Saturday, June 9, 2007

Museums, Memorials and Monks

Well the morning began earlier than anticipated for some of us as we heard a loud thunderclap around 4:18 am. Most of the boys slept through it, but a few seemed to think it was a wakeup call. After a continental breakfast at the hotel we headed for the city museum.

The city museum is an abandoned shoe warehouse, which was housed in a 35,000 sq ft space opened in 1997. An eccentric millionaire and his consortium bought the space and converted it into a giant exploring space. The old shoe chutes have been converted into a 4-story slide, which winds down the center of the building. You approach it through a faux cave area known as the enchanted caverns. These are winding passages with stalactites and stalagmites with ramps and caverns, slides and side passages leading up and around three stories. If you tire of that you can go outside to Monstro-city. This is a giant wrought iron enclosed monkey gym for adults and kids alike. Chaperones and adults could be found crawling in a metal tube, climbing up to several airplanes and vehicles suspended at different ends of the structure and in the middle was a giant ball pit. One of the boys called it Chuck E Cheeses’ for teenagers. I’m sure all of our muscles will feel it tomorrow. You could also browse the aquarium, examine posters from classic operas, walk through the vault and run and jump in the skate less skate park where you can use your feet to skid around on giant skateboard park with jumps and rope swings on the inclined ramps. Needless to say we had a full morning and everyone was hungry for lunch at the museum at Samiches.

We then made our way to the Jefferson National Expansion Memorial. You may better know this as the Gateway Arch. When Jefferson bought the Louisiana territory from the French, the furthest point west was a trading community on the Mississippi named St. Louis. This was named the capital for the Upper Louisiana Territory. This became the last civilization many travelers had as they headed up the Santa Fe Trail or along the Missouri river to settle the lands west of the Mississippi. In 1948 the city of St. Louis wanted to commemorate this time in our nation’s history. So they had a Finnish Architect Eero Seerinen to come up with a design. In many ways the simplistic nature of the arch belies its majesty. Rising 630 feet (192 m) from the shores of the Mississippi River, this now lies as the anchor of a large park, which includes the old courthouse. We had to go through security, and then lined up at 5 person trams, which took us up to the top. There we had a picture perfect day to view the city of St. Louis. After a brief stop in the gift shop we headed back to the hotel to rest for our evening’s performance.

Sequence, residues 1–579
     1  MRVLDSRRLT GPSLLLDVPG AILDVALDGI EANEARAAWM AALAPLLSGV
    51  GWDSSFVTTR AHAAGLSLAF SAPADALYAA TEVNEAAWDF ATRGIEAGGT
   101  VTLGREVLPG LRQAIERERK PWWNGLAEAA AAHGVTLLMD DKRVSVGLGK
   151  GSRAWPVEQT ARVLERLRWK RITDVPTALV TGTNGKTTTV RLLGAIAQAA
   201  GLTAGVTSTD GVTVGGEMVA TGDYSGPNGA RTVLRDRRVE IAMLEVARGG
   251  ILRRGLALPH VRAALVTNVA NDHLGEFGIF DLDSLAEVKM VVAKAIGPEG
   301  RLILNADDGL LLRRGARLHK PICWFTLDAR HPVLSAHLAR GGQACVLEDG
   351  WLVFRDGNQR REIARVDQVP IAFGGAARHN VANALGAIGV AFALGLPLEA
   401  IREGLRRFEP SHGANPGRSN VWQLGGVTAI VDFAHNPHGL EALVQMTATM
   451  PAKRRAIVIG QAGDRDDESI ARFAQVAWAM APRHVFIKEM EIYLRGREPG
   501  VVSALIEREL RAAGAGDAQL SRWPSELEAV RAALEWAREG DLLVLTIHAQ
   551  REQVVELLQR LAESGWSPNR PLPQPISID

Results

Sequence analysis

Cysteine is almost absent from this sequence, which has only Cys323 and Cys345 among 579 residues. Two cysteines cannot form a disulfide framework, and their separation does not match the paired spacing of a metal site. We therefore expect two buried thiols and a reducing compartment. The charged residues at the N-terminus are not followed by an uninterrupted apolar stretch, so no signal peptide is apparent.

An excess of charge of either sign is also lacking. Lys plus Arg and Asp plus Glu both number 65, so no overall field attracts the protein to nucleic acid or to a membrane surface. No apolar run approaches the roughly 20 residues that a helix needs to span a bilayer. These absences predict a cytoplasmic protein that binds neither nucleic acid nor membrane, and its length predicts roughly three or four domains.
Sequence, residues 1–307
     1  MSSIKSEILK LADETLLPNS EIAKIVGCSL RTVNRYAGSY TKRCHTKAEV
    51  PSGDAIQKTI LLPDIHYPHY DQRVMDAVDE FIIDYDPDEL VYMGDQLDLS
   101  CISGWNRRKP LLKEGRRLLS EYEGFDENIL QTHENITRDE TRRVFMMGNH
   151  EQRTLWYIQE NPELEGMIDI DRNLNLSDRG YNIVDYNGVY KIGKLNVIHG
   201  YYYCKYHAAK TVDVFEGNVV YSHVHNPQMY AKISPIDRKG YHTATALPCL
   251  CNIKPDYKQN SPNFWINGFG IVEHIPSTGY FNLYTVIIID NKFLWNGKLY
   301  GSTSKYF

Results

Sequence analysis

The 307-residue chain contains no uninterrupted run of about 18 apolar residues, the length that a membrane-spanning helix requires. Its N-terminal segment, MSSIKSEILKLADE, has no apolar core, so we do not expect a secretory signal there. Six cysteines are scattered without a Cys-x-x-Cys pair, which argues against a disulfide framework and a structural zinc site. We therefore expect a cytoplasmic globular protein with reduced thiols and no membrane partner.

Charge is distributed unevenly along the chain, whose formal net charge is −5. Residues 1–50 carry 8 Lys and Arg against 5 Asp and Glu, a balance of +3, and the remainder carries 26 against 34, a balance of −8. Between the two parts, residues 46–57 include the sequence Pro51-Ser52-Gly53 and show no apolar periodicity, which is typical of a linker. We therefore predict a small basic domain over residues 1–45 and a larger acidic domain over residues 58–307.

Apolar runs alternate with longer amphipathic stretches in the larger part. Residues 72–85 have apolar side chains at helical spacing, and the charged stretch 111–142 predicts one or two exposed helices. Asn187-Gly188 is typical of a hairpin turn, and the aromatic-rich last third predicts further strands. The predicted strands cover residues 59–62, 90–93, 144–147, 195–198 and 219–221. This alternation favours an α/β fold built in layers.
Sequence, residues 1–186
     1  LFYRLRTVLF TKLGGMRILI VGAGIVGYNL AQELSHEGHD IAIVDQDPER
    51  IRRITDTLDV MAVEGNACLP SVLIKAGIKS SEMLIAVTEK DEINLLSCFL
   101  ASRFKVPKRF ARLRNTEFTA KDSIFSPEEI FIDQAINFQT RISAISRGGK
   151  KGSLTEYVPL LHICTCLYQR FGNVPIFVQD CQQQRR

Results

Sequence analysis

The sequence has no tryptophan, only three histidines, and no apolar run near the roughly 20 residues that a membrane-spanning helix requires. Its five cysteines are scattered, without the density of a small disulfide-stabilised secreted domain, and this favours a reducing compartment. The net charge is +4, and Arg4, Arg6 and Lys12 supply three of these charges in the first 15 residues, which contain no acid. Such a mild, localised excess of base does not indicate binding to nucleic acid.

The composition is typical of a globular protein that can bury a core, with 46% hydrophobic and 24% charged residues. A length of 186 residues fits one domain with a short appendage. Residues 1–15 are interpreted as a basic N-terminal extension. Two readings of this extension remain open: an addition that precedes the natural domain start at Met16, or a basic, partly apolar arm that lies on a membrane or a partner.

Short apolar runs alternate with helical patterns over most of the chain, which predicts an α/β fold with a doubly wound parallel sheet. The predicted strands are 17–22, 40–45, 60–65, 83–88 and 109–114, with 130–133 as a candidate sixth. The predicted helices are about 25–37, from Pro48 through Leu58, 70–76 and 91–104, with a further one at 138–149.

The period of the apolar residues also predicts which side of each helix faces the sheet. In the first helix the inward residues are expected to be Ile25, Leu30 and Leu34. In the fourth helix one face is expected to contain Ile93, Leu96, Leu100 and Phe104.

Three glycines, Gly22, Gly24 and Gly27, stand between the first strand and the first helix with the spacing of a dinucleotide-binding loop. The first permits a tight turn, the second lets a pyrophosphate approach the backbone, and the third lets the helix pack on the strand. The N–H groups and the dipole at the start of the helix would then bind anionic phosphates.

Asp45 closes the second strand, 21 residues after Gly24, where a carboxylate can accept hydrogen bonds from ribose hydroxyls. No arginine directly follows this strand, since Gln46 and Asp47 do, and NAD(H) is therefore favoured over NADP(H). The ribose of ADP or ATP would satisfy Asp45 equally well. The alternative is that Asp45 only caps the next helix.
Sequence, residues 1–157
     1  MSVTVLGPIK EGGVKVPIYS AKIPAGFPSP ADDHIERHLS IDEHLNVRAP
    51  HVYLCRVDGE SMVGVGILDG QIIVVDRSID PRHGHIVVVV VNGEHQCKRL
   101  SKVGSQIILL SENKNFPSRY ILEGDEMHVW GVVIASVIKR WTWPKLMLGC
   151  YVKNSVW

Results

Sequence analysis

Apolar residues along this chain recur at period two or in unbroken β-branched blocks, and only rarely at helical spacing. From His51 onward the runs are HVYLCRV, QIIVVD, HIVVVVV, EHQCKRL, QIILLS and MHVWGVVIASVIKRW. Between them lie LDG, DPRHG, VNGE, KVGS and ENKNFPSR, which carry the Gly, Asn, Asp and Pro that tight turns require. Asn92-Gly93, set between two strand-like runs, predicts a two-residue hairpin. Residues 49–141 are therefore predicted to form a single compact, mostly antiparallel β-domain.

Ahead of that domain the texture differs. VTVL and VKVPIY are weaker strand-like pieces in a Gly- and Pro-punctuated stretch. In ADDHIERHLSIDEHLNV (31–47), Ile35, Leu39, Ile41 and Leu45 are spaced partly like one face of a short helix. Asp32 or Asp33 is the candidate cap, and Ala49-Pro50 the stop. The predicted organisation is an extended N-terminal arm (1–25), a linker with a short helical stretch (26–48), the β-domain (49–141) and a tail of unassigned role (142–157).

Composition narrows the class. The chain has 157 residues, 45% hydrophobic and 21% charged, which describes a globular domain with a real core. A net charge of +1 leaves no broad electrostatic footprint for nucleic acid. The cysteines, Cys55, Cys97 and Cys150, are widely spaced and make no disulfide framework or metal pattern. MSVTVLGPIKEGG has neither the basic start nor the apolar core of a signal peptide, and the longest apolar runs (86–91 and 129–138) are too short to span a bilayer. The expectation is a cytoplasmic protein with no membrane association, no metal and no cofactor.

Our venue for the evening was at the St. Louis Abbey. It goes by many names because it includes a Monastery, School and the Parish. The Benedictine Monastery can house up to 35 monks at a time (they house 30 right now). Fr. Gregory said they have room and are looking for a few good men. The second floor is restricted to the monks, and no talking is allowed. They are only allowed to talk at certain times during the day, the evening being one of them and pray seven times during the day. A local businessman, John Walsh, generously provided dinner for all of us. Mr. Walsh is a close friend of Christine Gustafson, who met us there to help with dinner. After dinner and rehearsal, we were given a brief tour of the monastery. The church itself has a very unique design. It consists of two sets of thin parabolic shells, set in 20 identical bays tapering toward the center of a circular plan. It makes for a theatre in the round setting with the altar in the middle representing God as the center of their lives. The main difference between this church from many other Catholic churches is the seating for the monks behind the altar. The result is not only a visually stunning space, but also an auditory masterpiece of a venue. The boys, despite the heat, managed to create a well-received concert and a particularly haunting rendition of, ‘The Lord Bless You and Keep You’. Because of the sound of the air conditioning, it was turned off for the performance, so in the second half the blazers were discarded for the first time in recent memory. They also had sparse lighting available, so Chattanooga Choo Choo was performed essentially in the dark. But the boys managed the choreography without incident. After the concert concluded, we sold over 30 CDs and we owe much of it to the excellent PR provided to us by Dr. Zahorski who had placed ads in the local paper and in the church bulletin. We hope all the concerts are as well attended. After the concert, most of the boys collapsed into their beds.